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Thursday, 3 June 2010
Page: 5175


Mr ADAMS (11:22 AM) —The Veterans’ Affairs Legislation Amendment (2010 Budget Measures) Bill 2010 addresses five parts of the Veterans’ Entitlements Act that require amendment and it includes service relating to British nuclear tests, service on submarine special operations, service in Thailand, domicile and effect of widows and widowers entering into de facto relationships, and requires further interpretation of the eligibility criteria. The Veterans’ Entitlements Act provides eligibility for pensions, treatment and other benefits on the basis of the type of service that the veteran or Defence Force member has rendered. The three main types of service are operational service, which includes non-warlike service, qualifying service and defence service. Service regarded as operational service provides eligibility for disability and war widow and war widower pensions, treatment and other benefits, and the more generous reverse criminal standard of proof is used to determine pension claims. Operational service is overseas service within defined areas and dates in a time of war or during warlike or non-warlike operations. Operational service also grants veteran status under the Veterans’ Entitlement Act.

Qualifying service provides eligibility for service pension and associated benefits. Post Second World War qualifying service generally requires a person to have been allotted for duty and to have served in an operational area listed in schedule 2 of the Veterans’ Entitlements Act or to have rendered warlike service. The other main category of defence—defence service—provides eligibility for disability and war widow and war widower pensions, treatment and other benefits. Broadly, defence service is peacetime service of three years or more in the Defence Force between 7 December 1972 and the commencement of the Military Compensation Act 1994 on 7 April 1994 and any period of hazardous service. Pension claims relating to defence service only are determined on the balance of probabilities, unless the member has peacekeeping service or hazard service, in which case the generous reverse criminal standard of proof is applicable.

Then we have to look at those who were in defence forces during the series of British nuclear weapons tests which were conducted in Australia at the Monte Bello Islands off the coast of Western Australia and at Emu Field and Maralinga in South Australia between October 1952 and October 1957. Minor trials were also conducted at Emu Field and Maralinga between 1953 and 1963. Both Australian and British personnel were involved in the tests and those involved included military and civilian participants but have yet to be included under this legislation.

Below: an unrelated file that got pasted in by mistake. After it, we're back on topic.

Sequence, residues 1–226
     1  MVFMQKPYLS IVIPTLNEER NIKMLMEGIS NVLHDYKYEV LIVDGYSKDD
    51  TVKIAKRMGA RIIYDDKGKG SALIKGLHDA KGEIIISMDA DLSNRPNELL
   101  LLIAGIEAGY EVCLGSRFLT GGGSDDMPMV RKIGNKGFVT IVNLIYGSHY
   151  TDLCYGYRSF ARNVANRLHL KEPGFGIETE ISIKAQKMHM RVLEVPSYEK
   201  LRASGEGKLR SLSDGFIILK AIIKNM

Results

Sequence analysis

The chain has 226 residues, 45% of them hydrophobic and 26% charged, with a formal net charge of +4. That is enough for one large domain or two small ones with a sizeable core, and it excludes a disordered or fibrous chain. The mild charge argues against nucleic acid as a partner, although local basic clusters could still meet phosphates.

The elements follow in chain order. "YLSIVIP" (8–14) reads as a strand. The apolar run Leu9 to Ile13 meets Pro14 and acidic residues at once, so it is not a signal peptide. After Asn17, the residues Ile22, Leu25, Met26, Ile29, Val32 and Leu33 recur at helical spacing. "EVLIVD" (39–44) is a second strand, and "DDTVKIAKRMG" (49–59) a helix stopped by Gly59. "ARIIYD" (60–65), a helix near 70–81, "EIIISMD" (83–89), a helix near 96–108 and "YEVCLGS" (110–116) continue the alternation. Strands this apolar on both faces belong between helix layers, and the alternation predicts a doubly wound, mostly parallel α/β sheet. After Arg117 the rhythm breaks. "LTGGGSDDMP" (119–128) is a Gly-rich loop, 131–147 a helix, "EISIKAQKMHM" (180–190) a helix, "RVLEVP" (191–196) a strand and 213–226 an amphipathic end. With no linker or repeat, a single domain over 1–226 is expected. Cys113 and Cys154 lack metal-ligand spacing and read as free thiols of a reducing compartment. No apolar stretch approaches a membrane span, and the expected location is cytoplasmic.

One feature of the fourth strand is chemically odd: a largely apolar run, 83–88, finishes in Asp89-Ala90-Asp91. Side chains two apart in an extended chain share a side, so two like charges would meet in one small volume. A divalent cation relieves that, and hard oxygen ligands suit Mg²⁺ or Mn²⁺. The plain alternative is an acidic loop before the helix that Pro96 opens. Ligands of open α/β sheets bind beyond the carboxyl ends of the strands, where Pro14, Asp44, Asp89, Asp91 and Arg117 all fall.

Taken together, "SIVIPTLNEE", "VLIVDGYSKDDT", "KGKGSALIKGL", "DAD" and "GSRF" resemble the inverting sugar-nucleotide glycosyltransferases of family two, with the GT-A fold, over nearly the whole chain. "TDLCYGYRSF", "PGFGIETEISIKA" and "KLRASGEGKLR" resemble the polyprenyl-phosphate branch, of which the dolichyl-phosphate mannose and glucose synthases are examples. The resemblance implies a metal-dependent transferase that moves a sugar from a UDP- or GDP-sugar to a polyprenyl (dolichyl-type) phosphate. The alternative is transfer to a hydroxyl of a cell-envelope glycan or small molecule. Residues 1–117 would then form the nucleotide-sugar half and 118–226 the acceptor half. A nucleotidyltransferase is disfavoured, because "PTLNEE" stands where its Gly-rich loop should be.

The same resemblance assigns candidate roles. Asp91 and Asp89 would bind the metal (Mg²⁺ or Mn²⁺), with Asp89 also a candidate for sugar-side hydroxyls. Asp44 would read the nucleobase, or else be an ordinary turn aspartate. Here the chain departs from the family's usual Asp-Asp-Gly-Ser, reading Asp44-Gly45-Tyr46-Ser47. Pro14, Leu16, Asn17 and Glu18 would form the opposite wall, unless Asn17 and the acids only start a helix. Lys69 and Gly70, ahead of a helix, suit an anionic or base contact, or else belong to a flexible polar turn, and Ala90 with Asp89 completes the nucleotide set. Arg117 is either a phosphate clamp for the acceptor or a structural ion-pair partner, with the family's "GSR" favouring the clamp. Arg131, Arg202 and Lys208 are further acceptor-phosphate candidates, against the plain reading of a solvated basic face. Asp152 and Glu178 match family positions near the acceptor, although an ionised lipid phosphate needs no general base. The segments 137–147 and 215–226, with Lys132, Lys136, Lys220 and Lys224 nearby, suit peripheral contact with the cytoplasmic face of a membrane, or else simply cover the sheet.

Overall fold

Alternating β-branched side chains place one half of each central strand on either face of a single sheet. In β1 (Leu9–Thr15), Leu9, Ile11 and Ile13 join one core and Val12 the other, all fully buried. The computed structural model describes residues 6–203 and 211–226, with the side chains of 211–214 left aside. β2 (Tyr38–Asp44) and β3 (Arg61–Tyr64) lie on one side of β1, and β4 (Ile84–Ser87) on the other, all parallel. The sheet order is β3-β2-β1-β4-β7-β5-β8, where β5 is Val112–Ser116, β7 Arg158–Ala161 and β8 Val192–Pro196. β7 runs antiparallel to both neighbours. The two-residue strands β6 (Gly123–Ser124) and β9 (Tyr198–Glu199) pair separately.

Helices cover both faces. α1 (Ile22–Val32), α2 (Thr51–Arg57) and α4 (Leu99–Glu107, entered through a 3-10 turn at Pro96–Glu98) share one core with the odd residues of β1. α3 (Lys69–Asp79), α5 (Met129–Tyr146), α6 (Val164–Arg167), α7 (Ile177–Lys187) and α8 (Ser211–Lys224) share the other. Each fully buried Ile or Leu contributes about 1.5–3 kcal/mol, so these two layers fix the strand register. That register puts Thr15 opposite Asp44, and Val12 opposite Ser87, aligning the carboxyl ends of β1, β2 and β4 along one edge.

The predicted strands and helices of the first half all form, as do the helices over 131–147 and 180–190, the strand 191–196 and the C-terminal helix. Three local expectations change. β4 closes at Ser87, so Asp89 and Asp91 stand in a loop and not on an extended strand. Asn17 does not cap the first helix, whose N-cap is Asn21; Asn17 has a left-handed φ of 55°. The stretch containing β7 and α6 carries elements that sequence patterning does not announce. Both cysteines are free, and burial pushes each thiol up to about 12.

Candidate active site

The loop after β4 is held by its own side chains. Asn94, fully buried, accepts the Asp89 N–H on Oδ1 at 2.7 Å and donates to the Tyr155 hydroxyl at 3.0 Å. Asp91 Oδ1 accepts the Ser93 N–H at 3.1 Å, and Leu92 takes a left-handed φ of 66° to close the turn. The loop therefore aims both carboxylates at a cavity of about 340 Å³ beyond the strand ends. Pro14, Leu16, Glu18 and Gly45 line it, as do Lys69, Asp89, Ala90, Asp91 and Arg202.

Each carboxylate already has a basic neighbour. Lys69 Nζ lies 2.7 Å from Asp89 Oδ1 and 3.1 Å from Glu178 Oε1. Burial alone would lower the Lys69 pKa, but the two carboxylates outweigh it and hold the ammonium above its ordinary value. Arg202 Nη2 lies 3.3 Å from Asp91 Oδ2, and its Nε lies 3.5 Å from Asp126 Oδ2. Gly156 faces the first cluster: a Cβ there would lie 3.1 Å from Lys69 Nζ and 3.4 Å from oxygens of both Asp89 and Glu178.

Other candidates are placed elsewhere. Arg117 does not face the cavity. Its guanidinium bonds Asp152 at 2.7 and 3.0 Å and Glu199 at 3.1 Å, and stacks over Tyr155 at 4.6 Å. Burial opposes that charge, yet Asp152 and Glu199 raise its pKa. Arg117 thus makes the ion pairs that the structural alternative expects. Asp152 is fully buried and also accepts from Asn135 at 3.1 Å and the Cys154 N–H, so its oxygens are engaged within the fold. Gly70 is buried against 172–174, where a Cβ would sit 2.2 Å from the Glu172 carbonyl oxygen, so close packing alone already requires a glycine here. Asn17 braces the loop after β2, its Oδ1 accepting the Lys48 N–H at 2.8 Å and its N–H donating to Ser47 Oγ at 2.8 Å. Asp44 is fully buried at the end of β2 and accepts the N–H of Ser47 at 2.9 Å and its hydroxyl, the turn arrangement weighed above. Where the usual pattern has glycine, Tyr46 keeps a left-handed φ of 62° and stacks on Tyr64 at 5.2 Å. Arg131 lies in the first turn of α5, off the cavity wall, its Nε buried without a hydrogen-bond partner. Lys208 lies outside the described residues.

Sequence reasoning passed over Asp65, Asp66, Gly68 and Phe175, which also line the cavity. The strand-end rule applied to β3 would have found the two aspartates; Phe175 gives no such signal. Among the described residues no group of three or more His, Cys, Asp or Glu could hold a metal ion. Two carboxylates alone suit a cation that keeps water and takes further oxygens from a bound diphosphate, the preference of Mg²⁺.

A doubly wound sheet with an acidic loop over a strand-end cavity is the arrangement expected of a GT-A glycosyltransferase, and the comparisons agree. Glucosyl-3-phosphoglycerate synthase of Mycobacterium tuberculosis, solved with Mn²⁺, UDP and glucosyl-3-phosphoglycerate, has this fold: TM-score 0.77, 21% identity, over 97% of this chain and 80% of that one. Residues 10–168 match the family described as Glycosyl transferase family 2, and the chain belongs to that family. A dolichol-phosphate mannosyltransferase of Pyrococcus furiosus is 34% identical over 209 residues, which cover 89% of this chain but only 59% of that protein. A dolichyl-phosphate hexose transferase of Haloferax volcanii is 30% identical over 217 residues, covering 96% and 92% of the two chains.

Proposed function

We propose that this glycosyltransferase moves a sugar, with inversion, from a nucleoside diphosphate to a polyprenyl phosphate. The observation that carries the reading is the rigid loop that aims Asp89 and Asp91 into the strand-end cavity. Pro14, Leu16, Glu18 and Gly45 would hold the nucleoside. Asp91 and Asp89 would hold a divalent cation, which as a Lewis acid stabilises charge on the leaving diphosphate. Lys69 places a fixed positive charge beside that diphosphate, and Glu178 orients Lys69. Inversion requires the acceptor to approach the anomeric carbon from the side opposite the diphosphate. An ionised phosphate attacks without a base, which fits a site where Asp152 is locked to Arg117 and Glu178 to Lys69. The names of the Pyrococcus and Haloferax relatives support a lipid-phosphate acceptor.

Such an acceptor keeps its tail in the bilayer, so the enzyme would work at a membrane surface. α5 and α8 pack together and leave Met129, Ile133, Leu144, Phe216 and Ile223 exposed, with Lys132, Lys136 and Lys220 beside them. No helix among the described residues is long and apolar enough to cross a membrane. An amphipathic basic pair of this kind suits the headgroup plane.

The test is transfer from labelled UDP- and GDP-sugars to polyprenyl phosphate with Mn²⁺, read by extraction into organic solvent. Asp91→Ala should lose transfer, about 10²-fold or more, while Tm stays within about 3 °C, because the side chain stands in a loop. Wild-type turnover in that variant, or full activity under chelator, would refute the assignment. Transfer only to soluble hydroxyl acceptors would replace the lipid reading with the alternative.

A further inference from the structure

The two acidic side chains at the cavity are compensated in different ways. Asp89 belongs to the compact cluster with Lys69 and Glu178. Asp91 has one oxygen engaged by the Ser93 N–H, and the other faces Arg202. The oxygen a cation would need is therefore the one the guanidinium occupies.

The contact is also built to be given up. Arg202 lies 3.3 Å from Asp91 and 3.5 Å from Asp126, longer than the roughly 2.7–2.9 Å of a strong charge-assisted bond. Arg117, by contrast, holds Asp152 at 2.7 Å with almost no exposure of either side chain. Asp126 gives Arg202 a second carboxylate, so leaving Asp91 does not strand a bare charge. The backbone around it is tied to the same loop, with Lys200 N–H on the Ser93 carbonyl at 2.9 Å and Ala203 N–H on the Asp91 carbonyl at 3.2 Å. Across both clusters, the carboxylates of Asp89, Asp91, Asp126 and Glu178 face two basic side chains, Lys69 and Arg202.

Workers compensation coverage for participants who were at the time members of the Australian Defence Force or the Australian Public Service is provided under the Safety Rehabilitation and Compensation Act and its predecessors. In 1986 the government created a like safety, rehabilitation and compensation act administrative scheme to provide compensation coverage for civilians, including pastoralists and Indigenous persons, who were at the test sites. This scheme is still open to claimants. The test participants also had access to a special administrative scheme and an act of grace scheme, both administered by the then Department of Science, Education and Training.

In 2006 the government enacted the British Nuclear Test (Treatment) Act to provide free testing and treatment for cancer for both military and non-military personnel who participated in the tests and related activities. The changes allowed a group of veterans who had been left out before to be included. As part of the 2010 budget, a new category of eligible service is to be created under the Veterans’ Entitlements Act to provide former Australian Defence Force members who participated in the British nuclear tests and related activities with eligibility for benefits equivalent to those that are available to members with non-warlike or hazardous service. In addition, pension claims relating to British nuclear test defence service are to be determined under the more generous standard of proof of the reasonable hypothesis test under sections 120 and 120A of the Veterans’ Entitlements Act. British nuclear test defence service is a distinct new category of service and is not non-warlike or hazardous service, although the benefits it will attract are equivalent to those for non-warlike or hazardous service or defence service.